Great Ormond Street Hospital (GOSH) has partnered with Microsoft to develop artificial intelligence (AI) solutions that will provide safer and more personalised care.
The London-based hospital is collaborating with Microsoft on an Industry Exchange Network which provides computer science students with the opportunity to use Microsoft technologies to respond to healthcare briefs from GOSH. The proof of concept outputs will then be tested by the hospital with the aim of being introduced on a wider scale.
The AI partnership was launched at Microsoft’s recent ‘Leading transformation with AI’ event in London, UK.
“As one of the world’s leading children’s research hospitals, we want to harness new technology, including AI, to deliver even better care and an enhanced patient experience,” said Peter Steer, chief executive at GOSH, at the launch event. “As data analytics becomes increasingly important in healthcare delivery we want to ensure we have the right tools to provide the care that is more personalised and more effective. This is particularly important as the patients we treat have some of the most complex and rare diseases.”
A range of projects are currently underway through the Industry Exchange Network and are due to be tested by the GOSH team. These solutions include the use of microphones, cameras and AI transcription to analyse environmental data during complex procedures to determine best practice and aid learning.
“This powerful partnership between GOSH and Microsoft is a potential game-changer for healthcare,” said Neil Sebire, chief research information officer at GOSH. “It brings together academic and clinical expertise to be leveraged by the capabilities of Microsoft with the singular aim of improving healthcare for children. Microsoft’s AI tools, platforms and emphasis on security and ethics, will empower GOSH to help even more children and young people to fulfil their potential.”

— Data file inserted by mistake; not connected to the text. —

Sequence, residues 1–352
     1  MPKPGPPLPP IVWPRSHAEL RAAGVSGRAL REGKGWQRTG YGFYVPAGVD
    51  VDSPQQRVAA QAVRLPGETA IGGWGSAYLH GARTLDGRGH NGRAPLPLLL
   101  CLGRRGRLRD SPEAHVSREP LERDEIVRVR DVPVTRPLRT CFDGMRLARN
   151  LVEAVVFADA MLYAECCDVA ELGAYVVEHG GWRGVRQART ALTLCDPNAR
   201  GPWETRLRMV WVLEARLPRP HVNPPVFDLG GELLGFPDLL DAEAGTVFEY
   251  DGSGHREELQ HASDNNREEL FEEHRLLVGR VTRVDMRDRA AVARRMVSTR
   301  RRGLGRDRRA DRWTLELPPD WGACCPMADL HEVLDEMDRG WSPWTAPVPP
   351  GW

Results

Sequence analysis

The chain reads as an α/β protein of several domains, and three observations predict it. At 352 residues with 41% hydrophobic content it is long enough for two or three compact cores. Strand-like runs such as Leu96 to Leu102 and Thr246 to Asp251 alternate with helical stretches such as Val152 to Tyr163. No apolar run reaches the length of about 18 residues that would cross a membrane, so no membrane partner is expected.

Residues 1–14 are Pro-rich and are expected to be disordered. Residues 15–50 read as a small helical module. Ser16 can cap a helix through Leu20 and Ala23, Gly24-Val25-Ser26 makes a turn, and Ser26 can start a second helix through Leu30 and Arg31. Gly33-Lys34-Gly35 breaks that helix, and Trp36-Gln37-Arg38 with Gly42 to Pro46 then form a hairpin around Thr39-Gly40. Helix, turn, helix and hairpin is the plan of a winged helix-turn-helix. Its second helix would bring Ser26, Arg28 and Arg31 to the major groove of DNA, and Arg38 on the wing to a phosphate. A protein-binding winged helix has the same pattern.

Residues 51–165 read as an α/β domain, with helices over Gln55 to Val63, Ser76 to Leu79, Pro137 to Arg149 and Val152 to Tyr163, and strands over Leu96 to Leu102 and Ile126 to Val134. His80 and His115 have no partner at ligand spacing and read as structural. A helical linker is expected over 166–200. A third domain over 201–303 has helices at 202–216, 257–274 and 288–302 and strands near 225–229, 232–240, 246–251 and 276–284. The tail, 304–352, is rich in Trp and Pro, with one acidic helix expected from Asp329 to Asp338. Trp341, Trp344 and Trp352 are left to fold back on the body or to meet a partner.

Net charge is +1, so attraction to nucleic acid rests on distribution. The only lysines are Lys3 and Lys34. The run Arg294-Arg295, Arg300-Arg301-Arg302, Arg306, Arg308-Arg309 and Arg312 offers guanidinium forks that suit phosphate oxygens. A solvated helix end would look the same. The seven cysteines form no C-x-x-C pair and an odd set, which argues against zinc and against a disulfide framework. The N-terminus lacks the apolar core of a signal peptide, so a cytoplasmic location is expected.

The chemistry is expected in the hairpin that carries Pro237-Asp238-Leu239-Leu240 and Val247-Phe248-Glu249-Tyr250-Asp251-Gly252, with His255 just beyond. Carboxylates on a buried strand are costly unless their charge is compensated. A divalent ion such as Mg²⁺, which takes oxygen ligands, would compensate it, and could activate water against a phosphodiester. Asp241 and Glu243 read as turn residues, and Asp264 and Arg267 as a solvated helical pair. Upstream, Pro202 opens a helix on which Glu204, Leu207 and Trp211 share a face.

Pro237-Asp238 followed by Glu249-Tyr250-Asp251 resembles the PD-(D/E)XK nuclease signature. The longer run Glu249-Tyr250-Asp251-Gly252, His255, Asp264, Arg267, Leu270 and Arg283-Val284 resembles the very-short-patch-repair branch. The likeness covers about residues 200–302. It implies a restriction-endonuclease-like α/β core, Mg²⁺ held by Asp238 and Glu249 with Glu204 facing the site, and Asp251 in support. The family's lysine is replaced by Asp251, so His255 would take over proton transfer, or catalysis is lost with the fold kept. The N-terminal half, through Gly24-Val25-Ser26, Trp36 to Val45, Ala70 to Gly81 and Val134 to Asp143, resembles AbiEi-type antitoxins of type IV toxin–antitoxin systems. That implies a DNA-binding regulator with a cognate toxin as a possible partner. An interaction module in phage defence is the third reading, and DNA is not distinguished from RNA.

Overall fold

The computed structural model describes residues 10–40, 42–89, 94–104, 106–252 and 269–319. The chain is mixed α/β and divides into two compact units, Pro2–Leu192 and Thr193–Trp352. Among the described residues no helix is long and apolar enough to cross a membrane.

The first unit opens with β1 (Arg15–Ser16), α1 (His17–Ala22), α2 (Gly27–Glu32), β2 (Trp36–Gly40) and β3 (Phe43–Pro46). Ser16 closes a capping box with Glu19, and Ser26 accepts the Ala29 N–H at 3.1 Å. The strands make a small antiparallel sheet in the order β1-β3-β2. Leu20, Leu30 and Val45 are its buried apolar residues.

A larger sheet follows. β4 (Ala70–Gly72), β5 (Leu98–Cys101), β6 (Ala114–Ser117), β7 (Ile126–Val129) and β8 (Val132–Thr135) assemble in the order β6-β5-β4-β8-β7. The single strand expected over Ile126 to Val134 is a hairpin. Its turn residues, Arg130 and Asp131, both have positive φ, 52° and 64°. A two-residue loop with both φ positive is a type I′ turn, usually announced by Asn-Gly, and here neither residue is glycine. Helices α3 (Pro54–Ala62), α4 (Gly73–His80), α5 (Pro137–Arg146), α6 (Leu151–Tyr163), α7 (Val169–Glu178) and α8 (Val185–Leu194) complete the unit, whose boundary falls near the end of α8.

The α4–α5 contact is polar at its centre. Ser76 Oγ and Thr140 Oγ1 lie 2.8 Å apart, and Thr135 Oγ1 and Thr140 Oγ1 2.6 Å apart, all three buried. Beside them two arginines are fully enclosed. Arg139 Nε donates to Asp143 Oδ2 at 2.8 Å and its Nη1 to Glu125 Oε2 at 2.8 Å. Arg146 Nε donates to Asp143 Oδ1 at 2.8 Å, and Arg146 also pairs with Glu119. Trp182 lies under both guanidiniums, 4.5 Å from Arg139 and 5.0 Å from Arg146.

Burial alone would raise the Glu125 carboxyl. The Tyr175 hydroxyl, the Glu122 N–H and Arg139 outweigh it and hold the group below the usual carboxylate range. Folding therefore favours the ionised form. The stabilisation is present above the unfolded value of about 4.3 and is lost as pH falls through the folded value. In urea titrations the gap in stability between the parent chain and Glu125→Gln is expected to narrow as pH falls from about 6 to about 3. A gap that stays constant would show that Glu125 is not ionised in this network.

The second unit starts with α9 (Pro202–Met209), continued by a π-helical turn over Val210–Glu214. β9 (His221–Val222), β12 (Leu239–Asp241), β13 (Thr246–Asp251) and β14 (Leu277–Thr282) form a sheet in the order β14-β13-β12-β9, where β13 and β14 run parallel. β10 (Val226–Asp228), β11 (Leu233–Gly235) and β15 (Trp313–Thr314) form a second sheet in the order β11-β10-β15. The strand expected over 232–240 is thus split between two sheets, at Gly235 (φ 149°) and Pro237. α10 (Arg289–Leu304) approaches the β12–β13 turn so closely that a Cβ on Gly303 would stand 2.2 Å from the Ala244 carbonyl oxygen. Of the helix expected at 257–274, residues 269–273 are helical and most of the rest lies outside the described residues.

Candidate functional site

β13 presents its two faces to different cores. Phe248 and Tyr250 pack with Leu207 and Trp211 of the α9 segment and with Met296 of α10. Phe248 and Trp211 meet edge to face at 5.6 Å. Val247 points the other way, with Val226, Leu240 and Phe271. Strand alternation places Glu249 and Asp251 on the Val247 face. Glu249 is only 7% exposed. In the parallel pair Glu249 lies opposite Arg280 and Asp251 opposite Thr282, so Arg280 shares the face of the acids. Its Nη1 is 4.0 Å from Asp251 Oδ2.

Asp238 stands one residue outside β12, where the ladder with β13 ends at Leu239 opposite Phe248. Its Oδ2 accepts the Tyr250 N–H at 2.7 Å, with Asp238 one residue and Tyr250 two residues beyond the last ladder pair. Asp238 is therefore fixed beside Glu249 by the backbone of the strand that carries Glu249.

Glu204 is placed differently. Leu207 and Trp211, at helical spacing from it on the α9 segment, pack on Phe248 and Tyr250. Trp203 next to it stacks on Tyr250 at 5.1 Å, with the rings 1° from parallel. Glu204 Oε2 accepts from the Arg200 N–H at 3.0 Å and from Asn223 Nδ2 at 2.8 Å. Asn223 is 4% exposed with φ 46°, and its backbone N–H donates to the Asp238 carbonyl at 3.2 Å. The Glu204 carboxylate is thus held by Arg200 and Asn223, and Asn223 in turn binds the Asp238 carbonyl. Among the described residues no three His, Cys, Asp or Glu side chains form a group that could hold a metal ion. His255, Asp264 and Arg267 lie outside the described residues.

GOSH is also leveraging the partnership with Microsoft to introduce other initiatives that will enhance the patient experience. These include using Minecraft to help children to familiarise themselves with the hospital, including meeting patients and staff, before they are admitted. Microsoft and GOSH have also worked with Magic Light Pictures to bring The Gruffalo augmented reality app to the National Health Service.
“We have reached a significant moment in time where AI has started to fundamentally transform healthcare delivery, yet we are still at the beginning of this exciting journey,” said Cindy Rose, CEO, Microsoft UK. “This AI-driven healthcare revolution will present the NHS with countless opportunities and we are thrilled to be working with some of Great Ormond Street Hospital’s brightest minds to explore how our extensive range of AI technologies can greatly enhance the patient experience and improve the outcome of clinical procedures for children visiting the hospital.”
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